Last week’s blog post “Is retail healthcare all about the price? And can the hospital compete? http://bit.ly/1r4e6Rh engaged a number of individuals in various forums on LinkedIn and elsewhere. All most interesting discussions and some common threads became apparent. Thoughtful posts with varying views about the place and role of non-traditional providers if any, regulation, quality and professional level of experience and training of medical professionals.   Of course there were some snarky comments with the expressed sense of entitlement by the hospital or physician scoffing at the developments.

But in all of the discussions, little thought was given to the continuation of the trend of innovation in the delivery of healthcare services and what it could eventually mean for the hospital, besides lost revenue.  One cannot combat the trend of innovation, especially from non-traditional retail providers who have deep knowledge and systems in place, to uncover and meet the needs of a consumer at a reasonable price.

Did we bring this upon ourselves and how do we reclaim the advantage?

We haven’t asked the right questions.  Maybe we even thought to ourselves stemming from a sense of entitlement, that innovation in service delivery and price was unnecessary? Could be because we really were not in tune with the needs of the healthcare consumers or the ones paying the bills? But I attribute it as most likely because healthcare marketing has been more about marketing communications than about market research, product, price and place.  Which in my opinion could have provided the early warnings and trends about a changing market dynamics and developments that could be capitalized upon before others.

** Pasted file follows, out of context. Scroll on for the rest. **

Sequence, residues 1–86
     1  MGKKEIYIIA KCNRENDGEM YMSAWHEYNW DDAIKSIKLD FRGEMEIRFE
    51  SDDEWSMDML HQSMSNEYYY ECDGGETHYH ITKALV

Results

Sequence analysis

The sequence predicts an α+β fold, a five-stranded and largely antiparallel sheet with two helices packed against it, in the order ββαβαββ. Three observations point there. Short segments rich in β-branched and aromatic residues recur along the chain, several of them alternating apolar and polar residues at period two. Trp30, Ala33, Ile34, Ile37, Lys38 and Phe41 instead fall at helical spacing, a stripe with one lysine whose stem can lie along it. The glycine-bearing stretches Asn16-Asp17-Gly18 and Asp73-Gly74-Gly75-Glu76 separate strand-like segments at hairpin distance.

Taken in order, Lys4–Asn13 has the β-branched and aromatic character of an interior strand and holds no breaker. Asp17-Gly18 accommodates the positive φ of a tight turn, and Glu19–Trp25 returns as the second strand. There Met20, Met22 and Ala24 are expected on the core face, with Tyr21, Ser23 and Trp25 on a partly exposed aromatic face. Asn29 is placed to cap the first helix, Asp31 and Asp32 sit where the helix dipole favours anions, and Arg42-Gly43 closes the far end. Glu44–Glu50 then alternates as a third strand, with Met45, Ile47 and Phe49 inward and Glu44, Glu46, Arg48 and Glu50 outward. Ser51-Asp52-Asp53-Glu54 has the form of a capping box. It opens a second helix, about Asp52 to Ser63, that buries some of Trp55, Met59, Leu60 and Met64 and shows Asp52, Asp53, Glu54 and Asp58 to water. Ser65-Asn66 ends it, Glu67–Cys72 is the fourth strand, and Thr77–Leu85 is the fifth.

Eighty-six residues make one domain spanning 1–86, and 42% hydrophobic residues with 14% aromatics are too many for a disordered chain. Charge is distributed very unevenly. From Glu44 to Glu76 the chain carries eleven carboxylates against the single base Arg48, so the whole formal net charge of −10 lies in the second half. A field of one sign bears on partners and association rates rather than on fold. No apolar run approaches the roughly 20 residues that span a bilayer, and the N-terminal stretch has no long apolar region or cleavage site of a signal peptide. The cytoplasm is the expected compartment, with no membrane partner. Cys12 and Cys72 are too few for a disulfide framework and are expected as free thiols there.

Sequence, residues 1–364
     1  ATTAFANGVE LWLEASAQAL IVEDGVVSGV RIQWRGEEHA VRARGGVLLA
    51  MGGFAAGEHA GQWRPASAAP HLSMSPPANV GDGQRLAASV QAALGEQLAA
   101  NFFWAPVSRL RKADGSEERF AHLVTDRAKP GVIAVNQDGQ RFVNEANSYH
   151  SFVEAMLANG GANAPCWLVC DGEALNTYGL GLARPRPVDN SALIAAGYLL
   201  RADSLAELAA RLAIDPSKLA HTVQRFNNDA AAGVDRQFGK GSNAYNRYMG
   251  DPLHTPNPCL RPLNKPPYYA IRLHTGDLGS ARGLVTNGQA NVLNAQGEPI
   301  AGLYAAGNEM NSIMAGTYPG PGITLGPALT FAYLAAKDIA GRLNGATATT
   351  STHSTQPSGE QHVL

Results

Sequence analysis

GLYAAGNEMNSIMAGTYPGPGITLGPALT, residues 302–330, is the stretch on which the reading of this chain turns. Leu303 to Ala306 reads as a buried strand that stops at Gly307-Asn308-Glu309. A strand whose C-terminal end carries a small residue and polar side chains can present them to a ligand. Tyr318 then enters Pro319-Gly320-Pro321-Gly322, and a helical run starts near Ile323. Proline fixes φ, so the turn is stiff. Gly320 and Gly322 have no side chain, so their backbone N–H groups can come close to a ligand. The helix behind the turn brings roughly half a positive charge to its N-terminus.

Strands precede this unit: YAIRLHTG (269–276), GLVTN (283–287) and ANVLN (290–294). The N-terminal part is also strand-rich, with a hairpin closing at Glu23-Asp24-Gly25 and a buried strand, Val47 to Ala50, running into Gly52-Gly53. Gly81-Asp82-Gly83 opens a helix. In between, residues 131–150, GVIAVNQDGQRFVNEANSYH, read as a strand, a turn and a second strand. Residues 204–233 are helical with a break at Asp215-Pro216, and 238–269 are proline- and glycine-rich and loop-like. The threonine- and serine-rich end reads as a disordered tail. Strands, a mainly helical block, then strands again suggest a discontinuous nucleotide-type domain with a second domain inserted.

Now a great backlash of disruptive innovation that keeps the hospital at the bottom of the food chain is accelerating. And guess what, the venture capitalist, private equity guys and the people innovating the in the delivery and price of care to meet the needs of the newly minted healthcare consumer, really don’t care what the hospital thinks.  As one private equity person I know put it, “it’s like shooting fish in a barrel”. Scary really.

What to do?

1.       Take stock and ask the hard question: What is being done in the hospital that can be done more efficiently and less expensively outside? How much revenue is at risk if that service disappears?
2.       Take a good hard look at the marketing philosophy, structure, capabilities, accomplishments and personnel. Fix what is broken. It’s hard and not easy by any means, but it has to be done.
3.       If not already in place, develop a business intelligence system that looks outside of the hospital at the market that identifies, tracks and disseminates information around developments etc.
4.       Get a private equity person or venture capitalist on the Board of Directors.  An organization needs new and fresh insight on the healthcare market that just won’t come from community members or the good old boys club.
5.       Invest in innovation in your organization and create the organizational structure that allows innovation to take place. A Chief Innovation Officer is needed. Hire from outside the organization.
6.       Stop circling the wagons! That stifles innovation and creates a siege mentality in the organization. Embrace change not status quo.
7.       Invest in marketing not marketing communications.